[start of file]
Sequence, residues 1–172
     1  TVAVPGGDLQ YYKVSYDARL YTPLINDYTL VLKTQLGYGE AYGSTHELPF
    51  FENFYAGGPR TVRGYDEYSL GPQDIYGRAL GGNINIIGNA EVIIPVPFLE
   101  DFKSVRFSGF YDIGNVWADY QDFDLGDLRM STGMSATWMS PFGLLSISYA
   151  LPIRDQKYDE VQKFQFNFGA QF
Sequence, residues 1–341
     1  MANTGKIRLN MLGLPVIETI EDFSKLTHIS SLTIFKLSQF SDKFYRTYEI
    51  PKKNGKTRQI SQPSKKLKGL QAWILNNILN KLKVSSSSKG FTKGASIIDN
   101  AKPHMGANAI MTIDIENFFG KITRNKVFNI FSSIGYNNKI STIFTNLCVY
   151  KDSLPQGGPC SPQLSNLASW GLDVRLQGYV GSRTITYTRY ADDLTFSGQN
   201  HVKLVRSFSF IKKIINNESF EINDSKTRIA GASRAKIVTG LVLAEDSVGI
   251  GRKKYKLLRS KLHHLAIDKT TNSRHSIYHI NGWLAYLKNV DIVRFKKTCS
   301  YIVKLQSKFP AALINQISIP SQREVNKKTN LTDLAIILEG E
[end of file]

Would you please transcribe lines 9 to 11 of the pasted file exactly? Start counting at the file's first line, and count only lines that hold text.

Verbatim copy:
   101  AKPHMGANAI MTIDIENFFG KITRNKVFNI FSSIGYNNKI STIFTNLCVY
   151  KDSLPQGGPC SPQLSNLASW GLDVRLQGYV GSRTITYTRY ADDLTFSGQN
   201  HVKLVRSFSF IKKIINNESF EINDSKTRIA GASRAKIVTG LVLAEDSVGI